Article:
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I read a sentence as below

This strategy tends to result in higher efficiency than would be possible with that one.

I can understand the meaning of the sentence, which is "This strategy tends to result in higher efficiency compared with that strategy.", and I know something is omitted between "than" and "would be possible", but I'm not sure what it is. "the efficiency"?

Edit:

I think there is an omission here because in my opinion than is a conjunction, and the part after than is a clause. There must be a subject to make the clause complete.

If there is indeed an omission here, I'm also not sure if the missing subject is the efficiency or not, because I think higher is a bit contradicting with possible. The sentence is meant to compare level of efficiency, not possibility.

  • It would be perfectly okay to have just written This strategy tends to result in higher efficiency than that one. Where nobody could say for sure exactly what text is "missing" after than. The writer might have originally included the words is possible, would be possible, can be achieved,... or any number of alternatives, before deciding he didn't need anything there at all, so he deleted that text. Or he may never have felt the need to imagine using any additional text at all. – FumbleFingers Reinstate Monica Apr 17 at 15:27
  • @FumbleFingers But I think than is a conjunction here. There must be a subject before would be possible. – Hua Apr 18 at 10:05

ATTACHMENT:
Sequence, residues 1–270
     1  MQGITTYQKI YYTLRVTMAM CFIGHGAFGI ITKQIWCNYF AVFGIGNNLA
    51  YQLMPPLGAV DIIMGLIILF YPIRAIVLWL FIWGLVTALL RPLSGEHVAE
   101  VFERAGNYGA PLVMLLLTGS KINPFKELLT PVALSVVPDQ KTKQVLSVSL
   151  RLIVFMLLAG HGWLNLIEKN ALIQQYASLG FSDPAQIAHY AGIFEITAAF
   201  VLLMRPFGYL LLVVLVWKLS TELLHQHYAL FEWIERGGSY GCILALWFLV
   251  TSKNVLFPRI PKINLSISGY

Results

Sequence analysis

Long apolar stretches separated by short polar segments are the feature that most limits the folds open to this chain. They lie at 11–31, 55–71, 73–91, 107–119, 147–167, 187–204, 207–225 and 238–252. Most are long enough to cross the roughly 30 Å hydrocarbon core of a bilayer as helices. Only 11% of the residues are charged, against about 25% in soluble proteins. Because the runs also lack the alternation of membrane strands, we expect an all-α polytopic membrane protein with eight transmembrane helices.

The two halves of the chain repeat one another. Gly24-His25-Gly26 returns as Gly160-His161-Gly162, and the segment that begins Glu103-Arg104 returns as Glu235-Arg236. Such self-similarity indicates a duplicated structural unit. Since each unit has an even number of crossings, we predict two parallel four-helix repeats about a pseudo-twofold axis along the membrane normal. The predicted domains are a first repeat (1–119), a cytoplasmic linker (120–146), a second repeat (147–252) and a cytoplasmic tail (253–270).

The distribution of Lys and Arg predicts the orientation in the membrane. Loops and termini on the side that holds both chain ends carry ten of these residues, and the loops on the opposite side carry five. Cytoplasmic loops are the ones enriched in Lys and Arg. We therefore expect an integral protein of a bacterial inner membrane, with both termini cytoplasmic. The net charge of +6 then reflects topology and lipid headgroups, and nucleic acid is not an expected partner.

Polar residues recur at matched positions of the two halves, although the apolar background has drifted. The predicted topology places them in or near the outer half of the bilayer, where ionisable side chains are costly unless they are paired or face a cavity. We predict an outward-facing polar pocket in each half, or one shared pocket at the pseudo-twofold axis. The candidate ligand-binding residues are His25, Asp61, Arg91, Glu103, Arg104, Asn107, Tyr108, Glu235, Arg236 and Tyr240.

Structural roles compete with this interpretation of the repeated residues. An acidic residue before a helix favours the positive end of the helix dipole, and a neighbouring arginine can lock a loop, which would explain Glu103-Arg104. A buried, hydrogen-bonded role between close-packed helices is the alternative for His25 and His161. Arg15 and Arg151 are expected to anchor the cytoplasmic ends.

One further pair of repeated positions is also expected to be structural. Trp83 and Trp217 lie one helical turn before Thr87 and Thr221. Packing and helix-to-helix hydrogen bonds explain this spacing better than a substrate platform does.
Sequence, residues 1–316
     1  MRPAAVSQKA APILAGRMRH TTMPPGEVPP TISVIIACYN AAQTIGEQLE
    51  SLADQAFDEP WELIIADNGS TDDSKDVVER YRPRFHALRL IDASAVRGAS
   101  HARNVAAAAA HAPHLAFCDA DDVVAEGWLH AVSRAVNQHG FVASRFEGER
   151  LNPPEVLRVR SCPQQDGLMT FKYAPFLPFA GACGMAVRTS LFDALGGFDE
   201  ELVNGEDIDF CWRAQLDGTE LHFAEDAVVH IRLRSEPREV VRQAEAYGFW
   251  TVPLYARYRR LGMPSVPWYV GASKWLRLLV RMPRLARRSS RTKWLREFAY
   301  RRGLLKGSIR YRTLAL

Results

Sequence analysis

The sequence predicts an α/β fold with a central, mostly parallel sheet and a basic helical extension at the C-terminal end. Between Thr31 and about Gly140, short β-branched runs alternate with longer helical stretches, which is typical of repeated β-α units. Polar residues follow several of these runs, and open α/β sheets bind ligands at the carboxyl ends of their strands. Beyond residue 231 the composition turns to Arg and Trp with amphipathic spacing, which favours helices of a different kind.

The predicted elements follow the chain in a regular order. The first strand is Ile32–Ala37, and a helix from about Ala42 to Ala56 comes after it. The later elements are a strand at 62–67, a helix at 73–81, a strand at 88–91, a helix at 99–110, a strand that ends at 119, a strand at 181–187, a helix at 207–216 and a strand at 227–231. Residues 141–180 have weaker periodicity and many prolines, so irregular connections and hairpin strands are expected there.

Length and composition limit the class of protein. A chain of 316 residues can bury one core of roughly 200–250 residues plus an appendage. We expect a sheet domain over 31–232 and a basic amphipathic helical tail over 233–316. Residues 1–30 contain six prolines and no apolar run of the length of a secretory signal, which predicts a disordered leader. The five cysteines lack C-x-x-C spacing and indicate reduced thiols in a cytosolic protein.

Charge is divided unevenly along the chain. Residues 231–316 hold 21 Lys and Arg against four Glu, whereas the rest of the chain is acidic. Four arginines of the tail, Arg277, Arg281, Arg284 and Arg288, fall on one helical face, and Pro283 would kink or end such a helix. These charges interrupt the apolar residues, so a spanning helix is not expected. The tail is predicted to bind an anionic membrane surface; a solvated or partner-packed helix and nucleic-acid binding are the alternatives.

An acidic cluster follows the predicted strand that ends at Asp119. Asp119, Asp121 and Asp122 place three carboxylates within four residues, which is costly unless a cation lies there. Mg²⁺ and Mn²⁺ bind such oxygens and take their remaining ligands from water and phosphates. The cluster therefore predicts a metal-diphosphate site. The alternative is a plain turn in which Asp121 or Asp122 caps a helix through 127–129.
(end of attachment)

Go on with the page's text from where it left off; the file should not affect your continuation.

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I wouldn't read it as anything being missing. It's just a form of to be.

...higher efficiency than is possible with that one

That's the same thing in the simple present. Is becomes would be when talking about certain sorts of hypotheticals (or when talking about future-in-past, but that's not what's happening here, or when using slightly old fashioned language to talk about wishes/desires/plans, which also isn't happening here).

  • But I think than is a conjunction and the part after than is a clause. So there must be a subject to make the clause after than semantically complete. Right? – Hua Apr 18 at 10:09
  • @Hua: By some formal analyses of grammar, perhaps. In terms of how people who speak English actually process the language, no. And certainly, there are usages of than that don't work like that - "I've been here longer than two years". – SamBC Apr 18 at 10:20
  • What do you think possible here means ? I think possible here is confusing, because the than is meat to compare the level of efficiency not the possibility. Maybe it is better to say ...higher efficiency than it is with that one.? – Hua Apr 18 at 10:56
  • In simple words, I think possible is contradicting with higher. – Hua Apr 18 at 11:05
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    @Hua - no. Higher and possible are not contradictory. You can use them all you like. Some aircraft can achieve altitudes higher than possible in other aircraft. It is saying that the efficiency is higher than it is possible to achieve with the other. The efficiency is outside the envelope of the other. – SamBC Apr 18 at 11:45
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There is no need to think that anything is omitted.

But if I were forced to add something between the words, the following would provide the same meaning (which is also in line with your assumption):

This strategy tends to result in a higher efficiency than the efficiency that would be possible with that one.

Note that in order to accommodate the definite article in the added text, I also added the indefinite article before higher.

  • Thanks. But do you think ... a higher efficiency than it is with that one. is a better completion ? I even think possible in the original sentence is a bit contradicting with higher. – Hua Apr 18 at 10:58
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    @Hua It's conceivable that, as the shortest form of the sentence I can think of, you could just say this results in higher efficiency than that, but the meaning of the sentence would be changed if you left out all of those words. – Jason Bassford Supports Monica Apr 18 at 13:35

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